The parts generally performed correctly in environmental testing (although they were tested to far higher levels than specified for, by manufacturers). In the constructional analyses performed some concerns were raised such as weaknesses in packaging or flaws in manufacture. However, the key decision drivers were ‘soft’ factors like the manufacturers willingness to cooperate in the process or the possibility to procure customized products. Accordingly, the decision on which components to procure for the flight lot was not always straight forward and in delicate cases extra iterations were needed.

4.

QUALIFICATION PHASE

The lot procured for the flight model was then subjected to a lot and mission specific qualification campaign. The flow for this qualification is depicted in Figure 3.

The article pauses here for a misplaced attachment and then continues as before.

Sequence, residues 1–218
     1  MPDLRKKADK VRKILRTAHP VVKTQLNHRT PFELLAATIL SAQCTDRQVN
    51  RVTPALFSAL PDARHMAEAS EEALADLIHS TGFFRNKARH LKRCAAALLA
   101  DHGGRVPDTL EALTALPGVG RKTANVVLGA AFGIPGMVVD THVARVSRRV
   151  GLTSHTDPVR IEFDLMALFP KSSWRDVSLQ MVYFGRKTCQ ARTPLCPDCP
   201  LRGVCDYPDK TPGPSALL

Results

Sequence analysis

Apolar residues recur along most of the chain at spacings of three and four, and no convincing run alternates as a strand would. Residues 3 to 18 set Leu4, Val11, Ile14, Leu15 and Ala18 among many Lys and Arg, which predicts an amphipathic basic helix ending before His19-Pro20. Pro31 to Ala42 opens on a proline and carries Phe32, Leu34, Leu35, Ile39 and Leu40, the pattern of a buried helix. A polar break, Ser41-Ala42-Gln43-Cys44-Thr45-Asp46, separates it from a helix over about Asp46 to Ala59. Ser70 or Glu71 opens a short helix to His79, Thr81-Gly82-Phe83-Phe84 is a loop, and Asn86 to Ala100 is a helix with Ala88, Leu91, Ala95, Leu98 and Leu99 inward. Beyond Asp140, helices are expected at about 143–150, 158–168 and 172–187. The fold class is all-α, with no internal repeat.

Fig. 3.

Qualification flowchart

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For each component a dedicated test plan was established. The exact extend of the testing was agreed between all parties involved. As a general rule the test plans were made according to ESCC guidelines and comprised of burn-in /screening made on all parts and on LAT (Lot Acceptance Test) testing on sample basis. The LAT always included

  • environmental testing (temperature, vacuum, radiation)

  • mechanical testing (vibration, shock, in case of fibre optic cable bending, flexing cable retention)

  • endurance testing (temperature life)

The test parameters were either given by the mission requirements or then derived from discussions with the respective manufacturer.